Abstract

Abstract 1336

Despite improvements in stem cell transplant (SCT) procedures and supportive care, treatment of high risk (HR) AML patients remains a major challenge. In recent years, there have been few reports showing promising results of fast transplant (FTx) strategies applied to patients with uncontrolled AML. Aim of this retrospective analysis was to compare the FTx strategy to the well established approach of allogeneic SCT in complete remission (classical conditioning, CC) in high risk AML patients. Secondly, the impact of more extensive pretreatment in patients with uncontrolled AML was investigated.

Methods:

We retrospectively analysed 111 consecutive patients (pts) with HR AML who received a first allogeneic SCT in our center between January 2000 and December 2009. HR AML was defined by (1) unfavorable cytogenetics (Mrozek and Bloomfield, Blood 2006), (2) AML secondary to myelodysplastic syndromes or prior radio/chemotherapy, (3) delayed response to induction chemotherapy, i.e. inadequate blast clearance on day 15 or persistent AML after the first course and/or (4) AML relapse.

Sixty pts who had achieved first (n=49), second (n=10) or third (n=1) complete remission (CR) at the time a donor with no or not more than one HLA mismatch was available were treated with a classical total body irradiation (TBI 12 or 8 Gy)-based (n=47) or intravenous busulfan (BU 16×0.8 mg/kg or 8×0.8mg/kg)-based (n=13) conditioning regimen (CC cohort). In contrast, 51 pts with active AML at the time of SCT received sequential treatment with intensive chemotherapy and reduced-intensity conditioning (RIC) as a fast-transplant strategy (FTx). The FLAMSA-RIC regimen (fludarabine (FLU), cytarabine, amsacrine from day -12 to -9, TBI 4 Gy on day - 5 (pts ≤ 60 yrs) or 4×0.8 mg/kg intravenous BU on day - 5 and -4 (pts > 60 yrs), and cyclophosphamide 40–60 mg/kg on day -3 and -2; Schmid C, Blood 2006) was applied to 26 pts. Twenty-five pts were treated with another course of intensive chemotherapy followed by FLU 30 mg/m2 from day -6 to -2 and melphalan 150 mg/m2 on day -3 given in aplasia (FLU/MEL; Platzbecker U, Leukemia 2006).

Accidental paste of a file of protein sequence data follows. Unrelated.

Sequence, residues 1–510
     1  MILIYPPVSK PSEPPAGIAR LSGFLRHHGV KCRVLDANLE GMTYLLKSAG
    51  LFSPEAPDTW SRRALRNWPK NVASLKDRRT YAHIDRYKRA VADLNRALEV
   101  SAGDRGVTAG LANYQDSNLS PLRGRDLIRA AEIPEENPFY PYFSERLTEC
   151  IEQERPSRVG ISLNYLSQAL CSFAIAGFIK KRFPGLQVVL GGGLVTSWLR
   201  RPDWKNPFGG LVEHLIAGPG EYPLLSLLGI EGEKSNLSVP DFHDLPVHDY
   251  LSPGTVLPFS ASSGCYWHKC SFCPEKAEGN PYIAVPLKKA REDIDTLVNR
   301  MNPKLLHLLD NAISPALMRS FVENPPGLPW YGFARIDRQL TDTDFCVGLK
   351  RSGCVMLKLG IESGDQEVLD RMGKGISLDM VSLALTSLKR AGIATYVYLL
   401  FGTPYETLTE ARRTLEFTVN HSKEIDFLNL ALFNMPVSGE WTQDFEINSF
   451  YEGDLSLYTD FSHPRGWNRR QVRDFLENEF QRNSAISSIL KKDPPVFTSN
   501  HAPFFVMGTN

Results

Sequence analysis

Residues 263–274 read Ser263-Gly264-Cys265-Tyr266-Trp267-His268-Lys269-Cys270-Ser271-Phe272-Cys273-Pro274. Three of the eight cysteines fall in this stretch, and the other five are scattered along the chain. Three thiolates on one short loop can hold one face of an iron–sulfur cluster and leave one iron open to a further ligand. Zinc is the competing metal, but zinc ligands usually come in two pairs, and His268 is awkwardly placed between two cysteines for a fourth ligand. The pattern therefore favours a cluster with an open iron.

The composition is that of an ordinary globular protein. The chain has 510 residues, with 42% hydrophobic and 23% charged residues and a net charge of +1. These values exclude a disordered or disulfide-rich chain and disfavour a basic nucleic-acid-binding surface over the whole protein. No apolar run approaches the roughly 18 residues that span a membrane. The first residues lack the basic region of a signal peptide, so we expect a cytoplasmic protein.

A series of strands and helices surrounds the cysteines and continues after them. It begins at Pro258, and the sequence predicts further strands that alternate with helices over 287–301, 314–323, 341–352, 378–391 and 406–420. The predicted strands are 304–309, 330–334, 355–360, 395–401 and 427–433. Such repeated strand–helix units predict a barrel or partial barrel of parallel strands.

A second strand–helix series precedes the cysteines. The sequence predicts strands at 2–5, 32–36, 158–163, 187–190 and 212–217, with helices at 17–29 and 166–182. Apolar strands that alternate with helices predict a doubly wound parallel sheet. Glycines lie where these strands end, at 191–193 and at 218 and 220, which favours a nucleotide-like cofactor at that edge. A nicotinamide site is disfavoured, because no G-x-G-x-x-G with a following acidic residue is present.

Results:

Patient's age ranged from 18 to 70 years and was significantly higher in the FTx than in the CC cohort (52 vs. 46 years; p=0.017). Of the leukemia-specific risk factors, the percentages of unfavorable cytogenetics did not differ between AML patients in the FTx and CC cohort (31 vs. 40%). Both groups were comparable with respect to the interval from first diagnosis of AML to SCT (median 244 vs. 247 days, range 17–2019 days), the use of unrelated donors (57 vs. 65%) and peripheral blood stem cells (93 vs. 88%). Graft versus host disease prophylaxis consisted of rabbit antithymocyte globulin which was equally balanced between the FTx and CC groups (47 vs. 53%), and cyclosporin A plus mycophenolate mofetil or methotrexate. In the FTx group, the median follow-up of surviving patients was significantly shorter than in the CC group (3.0 vs. 4.6 years, p=0.017).

Estimated median overall survival (OS) of the entire cohort was 5.7 years (95% CI, 4.8–6.6 years). Patients treated with CC showed significantly superior OS rates of 82%, 72% and 67% at 1, 2 and 4 years after SCT compared to 64%, 50% and 33% in the FTx group (p=0.001), due primarily to a significantly lower incidence of non-relapse mortality (10 vs. 25%, p=0.043). In contrast, the incidences of relapses after SCT were not different in both groups (23 vs. 35%).

Among the 51 patients of the FTx cohort, those transplanted with inaedequate blast clearance or persistent AML after the first induction course (n=27) had a better outcome than the more heavily pretreated patients with AML relapse (n=24). Median estimated OS in these groups was 4.0 vs.1.7 years and OS rates of 56 vs. 33% at 2 years (p=0.02). These groups did not differ significantly in terms of age, HCT-CI score (median 2.7) and bone marrow blast count at transplantation.

Summary:

The fast transplant approach yields encouraging long-term survival in high-risk AML refractory to induction therapy, nearly approaching the results of patients transplanted in CR using classical conditioning. Among patients of the FTx cohort, relapsed AML with more extensive pretreatment had a significantly inferior outcome.

Disclosures:

No relevant conflicts of interest to declare.

Author notes

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Asterisk with author names denotes non-ASH members.